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For two periods, the Dallas Stars seemed to say, “Are you sure the Washington Capitals are the best team in the NHL?”

They chased Braden Holtby and built a 4-0 lead through those first 40 minutes, and that was enough … but barely. The Stars beat the Capitals 4-3 on Saturday, which accomplished the following:

  • Dallas ended Washington’s winning streak at five games. The Stars have now won three straight.
  • This win slides the Stars ahead of the Chicago Blackhawks for first place in the highly competitive Central Division. While both teams sit at 77 standings points, Dallas holds three games in hand.
  • By passing Chicago, the Stars now lead the Western Conference as a whole.

Impressive stuff. Some might even call it a statement game, although others may hold that nail-biting ending against them (possibly arguing that the Stars’ flaws may come back to haunt them in the playoffs).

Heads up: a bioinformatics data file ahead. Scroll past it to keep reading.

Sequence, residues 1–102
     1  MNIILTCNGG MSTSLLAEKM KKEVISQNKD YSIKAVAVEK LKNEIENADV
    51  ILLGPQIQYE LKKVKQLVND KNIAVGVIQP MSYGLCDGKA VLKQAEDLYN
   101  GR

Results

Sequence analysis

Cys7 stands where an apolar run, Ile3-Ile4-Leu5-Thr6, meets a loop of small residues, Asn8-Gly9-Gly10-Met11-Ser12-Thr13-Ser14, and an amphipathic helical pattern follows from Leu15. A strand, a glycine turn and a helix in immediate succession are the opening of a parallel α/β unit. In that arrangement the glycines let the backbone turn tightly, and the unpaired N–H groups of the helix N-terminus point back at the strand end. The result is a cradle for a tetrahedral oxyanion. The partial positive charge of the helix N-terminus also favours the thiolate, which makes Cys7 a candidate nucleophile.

Dallas’ biggest concern likely has little to do with doubters. Instead, they must monitor the statuses of forwards Tyler Seguin and Cody Eakin.

Long story short, the Stars are red-hot, yet bigger challenges likely lie ahead.

Blackhawks fall to Ducks in OT, lose Hossa to injury

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The Chicago Blackhawks are on edge on Saturday, and it’s not because of what’s currently a close game against the Anaheim Ducks.

(Not that they’re indifferent toward a match against their opponents from last year’s conference final match, mind you.)

Instead, the Blackhawks are quite concerned about the health of Marian Hossa, who needed help off of the ice following an awkward, scary-looking crash into the boards. (Hampus Lindholm delivered the hip check that sent Hossa sprawling, in case you’re wondering.)

You can see that moment in the video above, while My Regular Face’s GIF also captures that troubling moment:

It’s too early to tell if Hossa will bounce back or miss some time from this. Stay tuned for potential updates.

Update: Joel Quenneville seems optimistic about Hossa, broadly speaking: